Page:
Other points to remember are local and foreign taxes, including withholding taxes on the proceeds. Double tax relief usually is available to offset foreign tax against the UK tax. Further care is required if the property is held in a structure, such as a UK or overseas company (or trust), as the tax position can be unexpectedly complex and penal.

Foreign advice

It is important that foreign tax and legal advice is taken – for example, having a Spanish will for Spanish assets, to prevent the forced heirship rules applying.

For US, French and Spanish property, I have links to UK advisers who can advise on the foreign tax position. That can be better than relying on a local adviser, who may not have a working knowledge of the UK rules.

What do HMRC know about foreign assets?

Finally, with the common reporting standards automatic exchange of information between most countries’ tax authorities (being phased in between 2015 and 2018), HMRC has access to foreign ownership details, which will trigger more enquires into such properties to identify undisclosed income and gains.

Discretionary trusts and the new dividend tax rate

The nature of an income source changes as it passes through a discretionary trust. Dividend income loses its character and so doesn’t qualify for the £5,000 nil rate income tax band in the hands of the beneficiary when distributed.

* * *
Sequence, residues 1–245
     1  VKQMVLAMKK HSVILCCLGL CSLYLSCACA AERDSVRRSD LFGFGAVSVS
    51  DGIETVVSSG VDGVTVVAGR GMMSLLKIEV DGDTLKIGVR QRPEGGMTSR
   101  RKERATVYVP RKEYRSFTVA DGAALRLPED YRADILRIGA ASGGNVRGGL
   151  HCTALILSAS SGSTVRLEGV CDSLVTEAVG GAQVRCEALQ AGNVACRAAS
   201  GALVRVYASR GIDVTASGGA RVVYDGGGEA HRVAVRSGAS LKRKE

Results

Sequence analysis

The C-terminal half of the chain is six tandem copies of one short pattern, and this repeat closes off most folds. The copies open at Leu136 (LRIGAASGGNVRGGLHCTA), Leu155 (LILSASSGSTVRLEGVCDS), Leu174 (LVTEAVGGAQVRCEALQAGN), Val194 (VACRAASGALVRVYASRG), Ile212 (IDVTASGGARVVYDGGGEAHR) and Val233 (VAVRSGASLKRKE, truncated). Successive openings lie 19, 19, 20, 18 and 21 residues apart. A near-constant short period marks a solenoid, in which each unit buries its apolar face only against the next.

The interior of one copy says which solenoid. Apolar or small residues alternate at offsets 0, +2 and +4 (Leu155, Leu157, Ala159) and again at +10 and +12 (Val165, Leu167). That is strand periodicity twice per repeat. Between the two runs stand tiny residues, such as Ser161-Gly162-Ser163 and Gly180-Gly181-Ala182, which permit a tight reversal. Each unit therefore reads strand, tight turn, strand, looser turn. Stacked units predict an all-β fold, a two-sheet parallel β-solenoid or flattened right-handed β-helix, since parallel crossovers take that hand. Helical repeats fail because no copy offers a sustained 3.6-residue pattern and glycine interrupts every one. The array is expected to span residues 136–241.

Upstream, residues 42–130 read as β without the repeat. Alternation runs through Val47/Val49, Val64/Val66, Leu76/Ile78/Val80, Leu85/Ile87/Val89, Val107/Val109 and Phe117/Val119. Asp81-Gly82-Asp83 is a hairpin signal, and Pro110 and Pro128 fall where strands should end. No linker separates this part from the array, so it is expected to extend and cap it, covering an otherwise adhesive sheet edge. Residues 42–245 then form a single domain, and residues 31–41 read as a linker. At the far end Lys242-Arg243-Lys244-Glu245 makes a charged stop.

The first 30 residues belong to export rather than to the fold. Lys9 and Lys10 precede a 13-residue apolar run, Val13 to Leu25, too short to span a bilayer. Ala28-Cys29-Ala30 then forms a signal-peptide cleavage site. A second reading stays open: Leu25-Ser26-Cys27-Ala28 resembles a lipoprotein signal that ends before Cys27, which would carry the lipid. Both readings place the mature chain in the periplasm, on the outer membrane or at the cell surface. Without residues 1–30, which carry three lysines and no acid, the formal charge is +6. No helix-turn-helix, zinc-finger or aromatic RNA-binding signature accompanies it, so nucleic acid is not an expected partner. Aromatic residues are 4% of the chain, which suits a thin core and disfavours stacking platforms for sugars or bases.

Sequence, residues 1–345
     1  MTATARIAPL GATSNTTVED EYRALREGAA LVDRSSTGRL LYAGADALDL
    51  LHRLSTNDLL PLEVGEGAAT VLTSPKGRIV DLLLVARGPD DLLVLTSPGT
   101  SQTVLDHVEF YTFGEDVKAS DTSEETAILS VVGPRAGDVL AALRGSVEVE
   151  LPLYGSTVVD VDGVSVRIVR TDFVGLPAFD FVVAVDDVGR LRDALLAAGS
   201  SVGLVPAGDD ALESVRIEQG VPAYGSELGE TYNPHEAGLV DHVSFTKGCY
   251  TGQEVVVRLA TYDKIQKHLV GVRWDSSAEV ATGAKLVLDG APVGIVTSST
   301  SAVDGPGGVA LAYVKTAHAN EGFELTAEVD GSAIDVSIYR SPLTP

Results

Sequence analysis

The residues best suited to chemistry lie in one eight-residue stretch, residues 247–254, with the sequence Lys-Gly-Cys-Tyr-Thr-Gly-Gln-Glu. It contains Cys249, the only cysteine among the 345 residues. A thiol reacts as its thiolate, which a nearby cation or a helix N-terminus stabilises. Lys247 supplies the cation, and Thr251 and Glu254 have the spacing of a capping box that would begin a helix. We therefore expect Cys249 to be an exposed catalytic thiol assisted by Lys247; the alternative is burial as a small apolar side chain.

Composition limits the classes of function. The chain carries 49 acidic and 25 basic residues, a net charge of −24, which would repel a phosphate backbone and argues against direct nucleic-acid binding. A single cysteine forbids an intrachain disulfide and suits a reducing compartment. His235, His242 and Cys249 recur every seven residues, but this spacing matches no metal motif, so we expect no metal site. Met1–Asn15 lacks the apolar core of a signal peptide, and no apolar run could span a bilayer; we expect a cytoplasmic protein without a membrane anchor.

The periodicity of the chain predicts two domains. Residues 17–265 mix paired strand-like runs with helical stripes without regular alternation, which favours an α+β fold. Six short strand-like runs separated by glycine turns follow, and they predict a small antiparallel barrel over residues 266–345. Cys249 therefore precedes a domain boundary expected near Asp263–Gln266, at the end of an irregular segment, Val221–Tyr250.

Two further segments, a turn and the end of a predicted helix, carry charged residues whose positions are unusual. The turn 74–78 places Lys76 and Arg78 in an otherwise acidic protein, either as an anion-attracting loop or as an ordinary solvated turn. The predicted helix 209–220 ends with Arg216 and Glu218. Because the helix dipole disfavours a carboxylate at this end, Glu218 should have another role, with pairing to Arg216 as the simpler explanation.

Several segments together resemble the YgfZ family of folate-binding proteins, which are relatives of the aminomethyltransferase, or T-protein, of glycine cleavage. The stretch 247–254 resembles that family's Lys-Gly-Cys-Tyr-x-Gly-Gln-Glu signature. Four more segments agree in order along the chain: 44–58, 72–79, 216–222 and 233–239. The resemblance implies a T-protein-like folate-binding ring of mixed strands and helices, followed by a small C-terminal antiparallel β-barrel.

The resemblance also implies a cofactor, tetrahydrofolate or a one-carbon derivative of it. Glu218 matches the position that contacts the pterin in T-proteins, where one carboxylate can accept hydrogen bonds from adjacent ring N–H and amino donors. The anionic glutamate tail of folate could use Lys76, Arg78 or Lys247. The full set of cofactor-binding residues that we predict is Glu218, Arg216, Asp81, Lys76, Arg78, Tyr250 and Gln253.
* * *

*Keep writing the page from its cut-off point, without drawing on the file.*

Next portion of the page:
A better result may be to create a revocable interest in possession for the beneficiary, if that meets the trustees’ wider objectives to give the beneficiary a regular income stream. The income then does remain dividend income and they are left with an increased net of tax amount of income.

Following the 2006 changes to IHT and trusts the revocable interest shouldn’t create any other tax problems for the trust.

As ever, care is required over the drafting of the deed of appointment, completion of the tax returns and the practical consequences for the trustees and beneficiary.

Another factor to consider, at the time of writing, is that s498 ITA 2007 appears to need amendment in the 2016 Finance Bill to allow full credit for the dividend tax in a discretionary trust tax pool. (Edit: this issue has now been corrected.)

10 questions for family business owners

As a business begins to pass to the next generation three common themes tend to develop:

  • “too many” children in the next generation (also known as a great talent pool!)
  • a divergence in objectives from those of the founder – eg “this company will never have debt”
  • new skills required as the business grows